[​IMG]

    Photos of the Blue Comet wreck show the cars along the tracks in various positions, with equipment being used to remove them. It also shows that the area where the photos were taken was very flat and quite barren, unlike most of the area along the tracks today. Therefore in the section where the cars had derailed it was quite obvious that the photo's had been taken from an open area that we visited. So I was able to recreate the shot from a few locations where they may have been taken from.

    The Accident Scene

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    Also, in the photo's it shows telegraph poles lining the tracks. Electrical or communication wires must have controlled the signals among other things. They are similar to modern telephone poles, with insulators connected to bolts on a "cross" at the top. They are quite close to the tracks, and I had wondered if any had been damaged or destroyed. We started exploring around the area, and soon found out what may be the answer to that question. Near the tracks, amongst the discarded ties we found one of the poles, half buried in the dirt, with the "cross" and the bolts still attached.

    Notice the insulators at the top of the poles in 1939.

    http://www.njpinebarrens.com/teegate/main.php/download/636-1/pole2.jpg

    Notice the metal straps about half way up the pole supporting the "cross".

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    Notice the bolts and straps in these photos.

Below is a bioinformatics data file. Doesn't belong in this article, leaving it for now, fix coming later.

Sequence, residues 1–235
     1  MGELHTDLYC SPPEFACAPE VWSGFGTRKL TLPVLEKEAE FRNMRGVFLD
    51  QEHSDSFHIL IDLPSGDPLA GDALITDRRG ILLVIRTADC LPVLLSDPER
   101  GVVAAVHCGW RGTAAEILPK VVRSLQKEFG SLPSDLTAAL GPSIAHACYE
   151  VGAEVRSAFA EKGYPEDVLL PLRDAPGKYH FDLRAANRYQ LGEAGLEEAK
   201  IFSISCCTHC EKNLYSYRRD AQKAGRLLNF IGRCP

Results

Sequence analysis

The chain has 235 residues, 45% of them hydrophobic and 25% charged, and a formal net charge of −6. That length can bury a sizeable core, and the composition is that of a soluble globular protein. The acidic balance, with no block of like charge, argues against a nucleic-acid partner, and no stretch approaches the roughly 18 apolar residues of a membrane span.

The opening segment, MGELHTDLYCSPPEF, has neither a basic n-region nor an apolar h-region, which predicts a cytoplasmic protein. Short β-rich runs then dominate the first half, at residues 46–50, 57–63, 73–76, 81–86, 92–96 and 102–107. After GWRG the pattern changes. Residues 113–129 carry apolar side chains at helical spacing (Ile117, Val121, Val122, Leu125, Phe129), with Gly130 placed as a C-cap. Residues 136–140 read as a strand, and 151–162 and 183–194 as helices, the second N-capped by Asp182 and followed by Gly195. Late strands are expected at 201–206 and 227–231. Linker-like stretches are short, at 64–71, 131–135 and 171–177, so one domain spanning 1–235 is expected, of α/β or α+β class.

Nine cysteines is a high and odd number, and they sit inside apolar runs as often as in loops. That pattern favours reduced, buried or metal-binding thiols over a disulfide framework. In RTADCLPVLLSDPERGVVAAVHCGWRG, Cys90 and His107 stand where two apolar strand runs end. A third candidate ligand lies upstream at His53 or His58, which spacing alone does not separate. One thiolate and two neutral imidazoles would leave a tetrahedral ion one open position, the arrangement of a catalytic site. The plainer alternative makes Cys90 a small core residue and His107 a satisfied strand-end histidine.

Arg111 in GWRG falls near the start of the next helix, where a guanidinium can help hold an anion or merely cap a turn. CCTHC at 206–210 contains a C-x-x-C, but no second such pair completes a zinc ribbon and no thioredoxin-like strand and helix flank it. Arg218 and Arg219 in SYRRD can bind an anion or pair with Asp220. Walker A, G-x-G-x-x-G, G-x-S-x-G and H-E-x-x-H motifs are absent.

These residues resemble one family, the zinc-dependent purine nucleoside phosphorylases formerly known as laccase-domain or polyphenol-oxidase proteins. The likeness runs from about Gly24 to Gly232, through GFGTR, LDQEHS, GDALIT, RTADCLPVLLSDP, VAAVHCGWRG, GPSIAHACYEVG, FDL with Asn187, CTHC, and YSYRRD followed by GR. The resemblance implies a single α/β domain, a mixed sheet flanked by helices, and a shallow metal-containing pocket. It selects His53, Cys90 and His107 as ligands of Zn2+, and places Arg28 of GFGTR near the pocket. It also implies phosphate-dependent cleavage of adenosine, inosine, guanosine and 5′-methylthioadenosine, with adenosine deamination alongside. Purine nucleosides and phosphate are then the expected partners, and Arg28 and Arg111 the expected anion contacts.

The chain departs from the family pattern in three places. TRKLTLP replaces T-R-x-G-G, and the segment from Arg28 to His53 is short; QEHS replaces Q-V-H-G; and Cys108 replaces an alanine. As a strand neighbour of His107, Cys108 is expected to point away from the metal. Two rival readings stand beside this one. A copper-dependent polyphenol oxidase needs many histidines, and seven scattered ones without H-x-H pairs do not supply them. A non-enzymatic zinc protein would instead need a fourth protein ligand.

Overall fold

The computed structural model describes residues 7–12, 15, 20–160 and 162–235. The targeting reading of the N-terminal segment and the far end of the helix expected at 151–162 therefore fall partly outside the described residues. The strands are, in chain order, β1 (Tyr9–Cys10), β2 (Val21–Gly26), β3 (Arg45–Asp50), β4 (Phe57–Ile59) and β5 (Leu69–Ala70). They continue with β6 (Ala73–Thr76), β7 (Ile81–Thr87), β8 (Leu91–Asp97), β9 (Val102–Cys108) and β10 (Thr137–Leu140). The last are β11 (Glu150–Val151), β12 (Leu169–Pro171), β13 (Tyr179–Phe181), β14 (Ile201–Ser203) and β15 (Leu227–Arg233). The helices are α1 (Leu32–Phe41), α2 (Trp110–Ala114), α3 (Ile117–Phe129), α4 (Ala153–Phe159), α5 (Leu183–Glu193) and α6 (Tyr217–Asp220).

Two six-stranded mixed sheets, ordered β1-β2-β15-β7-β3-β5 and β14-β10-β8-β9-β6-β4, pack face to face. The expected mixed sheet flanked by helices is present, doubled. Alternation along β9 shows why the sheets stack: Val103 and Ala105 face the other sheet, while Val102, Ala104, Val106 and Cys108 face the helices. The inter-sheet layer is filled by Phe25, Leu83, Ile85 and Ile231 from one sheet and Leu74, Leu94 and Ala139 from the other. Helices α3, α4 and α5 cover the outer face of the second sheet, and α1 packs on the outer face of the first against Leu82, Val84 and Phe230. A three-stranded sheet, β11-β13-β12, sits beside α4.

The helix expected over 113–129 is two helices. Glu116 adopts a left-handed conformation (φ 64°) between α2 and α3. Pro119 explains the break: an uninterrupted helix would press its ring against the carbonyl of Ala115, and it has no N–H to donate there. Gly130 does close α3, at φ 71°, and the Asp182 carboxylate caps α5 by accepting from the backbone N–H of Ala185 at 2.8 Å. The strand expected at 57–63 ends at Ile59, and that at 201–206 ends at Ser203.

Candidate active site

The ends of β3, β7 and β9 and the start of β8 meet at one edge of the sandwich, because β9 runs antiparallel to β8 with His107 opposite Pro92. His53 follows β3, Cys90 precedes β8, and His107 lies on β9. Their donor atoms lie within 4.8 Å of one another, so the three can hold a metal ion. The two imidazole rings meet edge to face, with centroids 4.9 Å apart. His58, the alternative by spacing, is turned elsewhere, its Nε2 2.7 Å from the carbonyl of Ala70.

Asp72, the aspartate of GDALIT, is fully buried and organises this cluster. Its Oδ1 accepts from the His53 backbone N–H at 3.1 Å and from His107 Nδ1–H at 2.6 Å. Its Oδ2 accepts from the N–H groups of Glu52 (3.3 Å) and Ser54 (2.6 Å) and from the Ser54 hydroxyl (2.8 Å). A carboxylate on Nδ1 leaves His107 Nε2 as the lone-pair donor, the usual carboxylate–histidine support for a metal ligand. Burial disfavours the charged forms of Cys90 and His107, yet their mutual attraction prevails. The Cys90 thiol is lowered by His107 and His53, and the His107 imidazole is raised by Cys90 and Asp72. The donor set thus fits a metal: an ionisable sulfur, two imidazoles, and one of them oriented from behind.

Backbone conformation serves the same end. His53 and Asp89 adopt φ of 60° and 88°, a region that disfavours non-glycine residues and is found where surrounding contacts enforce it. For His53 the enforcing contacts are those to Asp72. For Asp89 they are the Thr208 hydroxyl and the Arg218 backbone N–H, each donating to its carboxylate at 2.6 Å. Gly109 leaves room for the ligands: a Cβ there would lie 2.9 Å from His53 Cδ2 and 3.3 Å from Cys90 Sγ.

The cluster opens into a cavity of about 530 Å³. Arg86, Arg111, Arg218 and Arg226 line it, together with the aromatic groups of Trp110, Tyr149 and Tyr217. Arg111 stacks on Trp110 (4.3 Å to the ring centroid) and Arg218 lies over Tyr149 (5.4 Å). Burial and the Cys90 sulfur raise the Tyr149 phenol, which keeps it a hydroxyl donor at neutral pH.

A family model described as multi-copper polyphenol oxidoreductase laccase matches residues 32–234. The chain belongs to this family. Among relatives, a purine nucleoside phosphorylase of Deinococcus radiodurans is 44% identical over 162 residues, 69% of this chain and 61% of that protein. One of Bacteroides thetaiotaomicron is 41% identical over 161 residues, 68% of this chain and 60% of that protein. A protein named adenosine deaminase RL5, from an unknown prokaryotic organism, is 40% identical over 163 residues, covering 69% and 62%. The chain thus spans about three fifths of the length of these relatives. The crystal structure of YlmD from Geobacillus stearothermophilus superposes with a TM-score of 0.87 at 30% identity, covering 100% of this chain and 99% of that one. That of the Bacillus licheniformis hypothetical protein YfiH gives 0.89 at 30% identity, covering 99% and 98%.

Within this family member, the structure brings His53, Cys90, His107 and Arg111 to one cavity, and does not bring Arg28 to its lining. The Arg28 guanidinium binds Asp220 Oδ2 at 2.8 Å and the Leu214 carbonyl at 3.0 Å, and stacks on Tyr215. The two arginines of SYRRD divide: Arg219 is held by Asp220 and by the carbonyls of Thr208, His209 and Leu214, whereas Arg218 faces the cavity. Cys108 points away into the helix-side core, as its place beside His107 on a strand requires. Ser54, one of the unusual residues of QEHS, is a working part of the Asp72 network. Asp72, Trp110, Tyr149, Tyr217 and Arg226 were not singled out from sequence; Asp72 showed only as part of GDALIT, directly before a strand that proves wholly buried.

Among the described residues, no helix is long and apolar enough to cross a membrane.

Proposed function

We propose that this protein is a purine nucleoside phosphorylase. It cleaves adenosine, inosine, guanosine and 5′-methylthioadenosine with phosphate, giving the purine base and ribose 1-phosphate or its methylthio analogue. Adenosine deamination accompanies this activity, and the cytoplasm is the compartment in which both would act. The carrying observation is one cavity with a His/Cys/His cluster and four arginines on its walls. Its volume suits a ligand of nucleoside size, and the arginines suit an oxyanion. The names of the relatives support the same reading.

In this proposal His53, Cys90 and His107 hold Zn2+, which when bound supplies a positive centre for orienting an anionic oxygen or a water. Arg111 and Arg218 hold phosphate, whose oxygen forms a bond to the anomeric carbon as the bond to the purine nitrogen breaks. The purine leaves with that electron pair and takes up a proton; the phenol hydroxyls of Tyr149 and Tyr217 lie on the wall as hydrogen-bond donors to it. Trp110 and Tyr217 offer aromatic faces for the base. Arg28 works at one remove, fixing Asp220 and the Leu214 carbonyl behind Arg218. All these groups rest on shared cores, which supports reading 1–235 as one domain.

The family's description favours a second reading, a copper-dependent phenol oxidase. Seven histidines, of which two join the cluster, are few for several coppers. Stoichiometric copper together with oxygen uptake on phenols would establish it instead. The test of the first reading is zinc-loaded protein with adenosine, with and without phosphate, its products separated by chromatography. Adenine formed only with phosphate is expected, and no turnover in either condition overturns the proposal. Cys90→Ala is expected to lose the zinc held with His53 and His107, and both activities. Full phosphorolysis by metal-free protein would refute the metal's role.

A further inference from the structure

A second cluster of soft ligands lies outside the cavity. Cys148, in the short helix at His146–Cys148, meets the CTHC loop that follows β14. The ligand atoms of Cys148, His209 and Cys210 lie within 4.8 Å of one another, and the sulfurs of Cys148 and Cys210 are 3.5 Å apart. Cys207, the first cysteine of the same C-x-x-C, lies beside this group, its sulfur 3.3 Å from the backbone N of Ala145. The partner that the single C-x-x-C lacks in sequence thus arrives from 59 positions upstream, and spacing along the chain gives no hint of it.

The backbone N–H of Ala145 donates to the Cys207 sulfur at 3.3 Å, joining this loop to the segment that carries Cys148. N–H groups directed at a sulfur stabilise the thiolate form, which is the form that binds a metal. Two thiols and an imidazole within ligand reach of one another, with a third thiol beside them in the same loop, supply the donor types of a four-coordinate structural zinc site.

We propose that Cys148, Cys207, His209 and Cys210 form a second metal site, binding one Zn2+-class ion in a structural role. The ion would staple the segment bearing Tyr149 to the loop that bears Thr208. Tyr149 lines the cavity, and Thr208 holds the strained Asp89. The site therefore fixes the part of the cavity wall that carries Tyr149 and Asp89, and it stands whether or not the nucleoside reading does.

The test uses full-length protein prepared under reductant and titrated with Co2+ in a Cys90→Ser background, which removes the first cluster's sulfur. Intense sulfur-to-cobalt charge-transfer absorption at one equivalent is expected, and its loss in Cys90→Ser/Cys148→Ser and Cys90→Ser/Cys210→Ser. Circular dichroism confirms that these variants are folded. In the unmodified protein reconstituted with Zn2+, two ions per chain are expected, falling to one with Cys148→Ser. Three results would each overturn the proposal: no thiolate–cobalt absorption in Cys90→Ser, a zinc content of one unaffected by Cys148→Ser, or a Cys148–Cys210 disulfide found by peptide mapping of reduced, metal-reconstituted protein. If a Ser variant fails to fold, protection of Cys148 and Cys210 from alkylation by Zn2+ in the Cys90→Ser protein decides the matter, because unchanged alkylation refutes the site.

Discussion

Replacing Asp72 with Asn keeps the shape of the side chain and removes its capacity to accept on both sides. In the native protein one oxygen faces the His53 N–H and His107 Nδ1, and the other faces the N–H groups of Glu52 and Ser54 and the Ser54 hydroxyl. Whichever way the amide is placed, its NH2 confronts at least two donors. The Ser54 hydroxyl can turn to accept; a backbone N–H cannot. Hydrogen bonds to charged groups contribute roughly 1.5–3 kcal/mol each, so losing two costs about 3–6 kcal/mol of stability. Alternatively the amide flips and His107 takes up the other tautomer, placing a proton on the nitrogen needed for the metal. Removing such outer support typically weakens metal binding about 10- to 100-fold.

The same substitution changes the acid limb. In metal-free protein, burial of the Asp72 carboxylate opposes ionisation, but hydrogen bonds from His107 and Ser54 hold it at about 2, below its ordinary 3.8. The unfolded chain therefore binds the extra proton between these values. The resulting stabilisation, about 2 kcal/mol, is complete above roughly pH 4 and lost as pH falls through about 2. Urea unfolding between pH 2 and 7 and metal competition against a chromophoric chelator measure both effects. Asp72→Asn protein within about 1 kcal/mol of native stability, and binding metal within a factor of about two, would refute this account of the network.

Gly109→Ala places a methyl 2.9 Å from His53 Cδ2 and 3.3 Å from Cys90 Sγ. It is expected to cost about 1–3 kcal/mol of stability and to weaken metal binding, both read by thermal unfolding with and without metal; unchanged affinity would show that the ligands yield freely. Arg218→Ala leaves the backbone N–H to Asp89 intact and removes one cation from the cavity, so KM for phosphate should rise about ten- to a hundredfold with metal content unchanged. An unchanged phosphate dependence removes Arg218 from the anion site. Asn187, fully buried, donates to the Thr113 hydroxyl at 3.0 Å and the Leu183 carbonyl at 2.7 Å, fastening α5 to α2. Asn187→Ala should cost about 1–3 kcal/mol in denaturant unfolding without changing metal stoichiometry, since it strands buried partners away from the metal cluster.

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    Further examining the area, I discovered the 24-inch culvert just east of the 86 milepost, that could not handle the flow of water over 65 years ago.

    [​IMG]

    Walking further east, Ben Ruset discovered what might be a piece of the damaged train that was never removed.

    [​IMG]


    Guy Thompson
     
  2. BEHR655

    BEHR655 Piney

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    Nice report Guy. I remember that clear area from our Parker Preserve hike. I walked around in there and was wondering why it was clear.
    Just to let you know, your photos of the accident scene poles are small and very pixelated and you really can't make anything out.

    Steve
     
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  3. Teegate

    Teegate Administrator
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    Yes I know. They are zoomed 300 percent just to get them that big. We will have to live with that unfortunately.